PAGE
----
We live now in a time period of complexity and uncertainty. Every where non-profits are battling over what little money is available at the state and federal levels. Meanwhile, for-profit companies are wanting to excel and to grow profits, but are extremely reluctant to hire more staff. Furthermore, customers are deeply frustrated with the lack of real customer service, And, of course, your competition is "hungry" for the opportunity to serve your customers where ever and when ever possible.
From my vantage point, some organizations are spending countless hours rearranging the deck chairs on a ship to no where as they attempt to solve these adaptive problems. They do this by continuing to consolidate out-dated systems hoping that this will result in some degree of innovation or efficiency. This is happening because of limited balance sheet growth and a desire to avoid the risks that come with completely pitching and redesigning entire systems to meet the new expectations and options for service delivery.
Next, I continue to witness new technology at the hardware and software levels out-pacing management’s capacity to comprehend their implications, let alone figure out how to integrate these opportunities. In Board rooms and during senior team meetings, it also is common to hear people talk about the continued need to centralize key systems and functions within the company as well as create more efficiency though systems improvement
As to balance sheet management, heaven only knows when the funding streams that government and non-profit agencies count on will be stable. I am certain that they will continue to be in massive flux for quite some time period as witnessed by what is happening related to the raising of the debt ceiling at the federal level. Meanwhile, leaders must continue to figure out how to remain profitable in the midst of these difficulties.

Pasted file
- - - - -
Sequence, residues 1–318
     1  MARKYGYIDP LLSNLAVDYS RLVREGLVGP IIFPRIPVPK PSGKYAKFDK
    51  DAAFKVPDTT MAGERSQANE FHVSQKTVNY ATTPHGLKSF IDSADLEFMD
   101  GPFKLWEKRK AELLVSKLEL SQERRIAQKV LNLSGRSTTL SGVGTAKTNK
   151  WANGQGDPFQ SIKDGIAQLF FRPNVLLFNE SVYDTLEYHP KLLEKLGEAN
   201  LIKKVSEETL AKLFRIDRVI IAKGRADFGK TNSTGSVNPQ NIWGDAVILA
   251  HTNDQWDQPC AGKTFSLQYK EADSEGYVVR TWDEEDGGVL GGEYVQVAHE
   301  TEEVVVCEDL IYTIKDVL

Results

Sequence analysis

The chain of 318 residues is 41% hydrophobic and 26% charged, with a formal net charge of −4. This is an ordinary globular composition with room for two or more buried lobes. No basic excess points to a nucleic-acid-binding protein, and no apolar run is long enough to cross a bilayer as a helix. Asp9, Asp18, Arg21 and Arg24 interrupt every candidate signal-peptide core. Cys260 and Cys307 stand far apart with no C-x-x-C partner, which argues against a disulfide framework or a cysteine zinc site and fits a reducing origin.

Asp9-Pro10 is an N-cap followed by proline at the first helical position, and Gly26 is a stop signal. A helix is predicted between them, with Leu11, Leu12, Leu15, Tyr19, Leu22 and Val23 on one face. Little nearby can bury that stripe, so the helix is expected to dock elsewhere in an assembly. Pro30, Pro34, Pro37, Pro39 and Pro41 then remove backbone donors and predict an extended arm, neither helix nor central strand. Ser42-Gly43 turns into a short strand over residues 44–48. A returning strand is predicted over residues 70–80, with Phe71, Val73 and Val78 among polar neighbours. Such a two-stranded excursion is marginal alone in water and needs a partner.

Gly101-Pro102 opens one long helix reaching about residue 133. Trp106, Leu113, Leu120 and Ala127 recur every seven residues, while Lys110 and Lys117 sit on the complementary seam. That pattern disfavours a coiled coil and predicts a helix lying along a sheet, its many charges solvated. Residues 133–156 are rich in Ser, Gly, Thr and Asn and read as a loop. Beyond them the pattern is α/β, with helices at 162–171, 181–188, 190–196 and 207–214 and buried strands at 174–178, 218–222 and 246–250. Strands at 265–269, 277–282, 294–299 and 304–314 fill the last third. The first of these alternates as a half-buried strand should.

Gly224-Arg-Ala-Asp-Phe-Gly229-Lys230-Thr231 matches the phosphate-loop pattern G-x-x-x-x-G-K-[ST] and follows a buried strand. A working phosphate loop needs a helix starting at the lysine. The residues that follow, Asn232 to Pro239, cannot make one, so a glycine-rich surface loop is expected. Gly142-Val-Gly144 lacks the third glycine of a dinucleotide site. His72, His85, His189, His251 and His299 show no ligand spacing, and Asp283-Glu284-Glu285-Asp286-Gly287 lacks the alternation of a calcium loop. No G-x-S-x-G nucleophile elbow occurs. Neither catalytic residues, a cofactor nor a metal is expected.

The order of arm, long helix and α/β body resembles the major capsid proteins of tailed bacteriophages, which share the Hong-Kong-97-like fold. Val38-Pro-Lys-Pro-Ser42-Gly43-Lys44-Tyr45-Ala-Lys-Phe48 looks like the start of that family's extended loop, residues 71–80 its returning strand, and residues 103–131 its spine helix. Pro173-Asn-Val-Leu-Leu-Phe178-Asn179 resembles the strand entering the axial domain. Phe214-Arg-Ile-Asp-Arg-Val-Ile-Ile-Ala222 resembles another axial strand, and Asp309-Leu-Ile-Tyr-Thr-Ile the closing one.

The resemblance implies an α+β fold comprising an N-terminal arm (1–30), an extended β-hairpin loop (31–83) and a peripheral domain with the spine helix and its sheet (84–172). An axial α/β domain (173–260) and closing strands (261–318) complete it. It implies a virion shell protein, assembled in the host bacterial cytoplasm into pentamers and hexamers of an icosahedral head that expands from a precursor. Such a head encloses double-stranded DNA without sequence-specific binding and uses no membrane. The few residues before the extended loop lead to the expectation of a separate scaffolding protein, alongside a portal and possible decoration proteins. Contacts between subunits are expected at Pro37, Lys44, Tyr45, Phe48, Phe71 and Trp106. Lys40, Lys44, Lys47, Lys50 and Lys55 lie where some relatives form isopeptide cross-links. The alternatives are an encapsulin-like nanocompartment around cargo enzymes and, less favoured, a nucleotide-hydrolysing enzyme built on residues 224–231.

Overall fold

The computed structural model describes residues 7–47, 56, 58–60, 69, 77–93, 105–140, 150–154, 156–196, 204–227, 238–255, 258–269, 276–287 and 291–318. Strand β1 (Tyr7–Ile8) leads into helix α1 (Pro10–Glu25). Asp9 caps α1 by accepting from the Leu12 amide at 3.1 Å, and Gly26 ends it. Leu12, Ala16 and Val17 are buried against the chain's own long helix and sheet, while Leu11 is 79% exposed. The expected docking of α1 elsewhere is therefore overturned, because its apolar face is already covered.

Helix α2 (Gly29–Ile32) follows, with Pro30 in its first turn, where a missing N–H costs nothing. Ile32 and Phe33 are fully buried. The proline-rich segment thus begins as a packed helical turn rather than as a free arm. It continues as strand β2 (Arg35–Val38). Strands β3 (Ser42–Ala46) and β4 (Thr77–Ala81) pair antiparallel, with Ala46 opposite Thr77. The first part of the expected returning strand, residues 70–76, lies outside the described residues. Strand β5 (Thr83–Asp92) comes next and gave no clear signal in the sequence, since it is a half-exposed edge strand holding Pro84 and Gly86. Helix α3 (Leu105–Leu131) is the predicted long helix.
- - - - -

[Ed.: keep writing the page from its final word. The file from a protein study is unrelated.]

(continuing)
Finally, we must come to peace with the notion that fragmented service delivery will not be tolerated by customers or employees. Developing a unique and meaningful business relationship with customers where they and the staff are engaged is going to require us to finally put to rest top-down, command-and-control leadership. This model of “Father Knows Best” leadership can not handle disruptive and ceaseless innovation that is required nor the transformative power of information technology and communications.
As we move through this time period of complexity and uncertainty, I am reminded of Proverbs 29:18, “Where there is no vision, the people perish.” Right now too many senior management teams are living an in-box management perspective with little proactive planning. They are reacting to behavioral problems related to operational issues rather than developing a strategic mindset. Clearly, it is time for more people and companies to rediscover or to develop a new vision, i.e. a statement of what they hope to achieve as an organization. These new or renewed visions will give direction and meaning to the journey ahead. They will create inspiration that is necessary for on-going follow through. They will create clarity rather than persistent confusion. In short, it is time for us as leaders to re-inspire, reorient and realign our organizations. It is time to focus forward.
Geery Howe, M.A.Consultant, Executive Coach, Trainer inLeadership, Strategic Planning and Organizational ChangeMorning Star Associates319 - 643 - 2257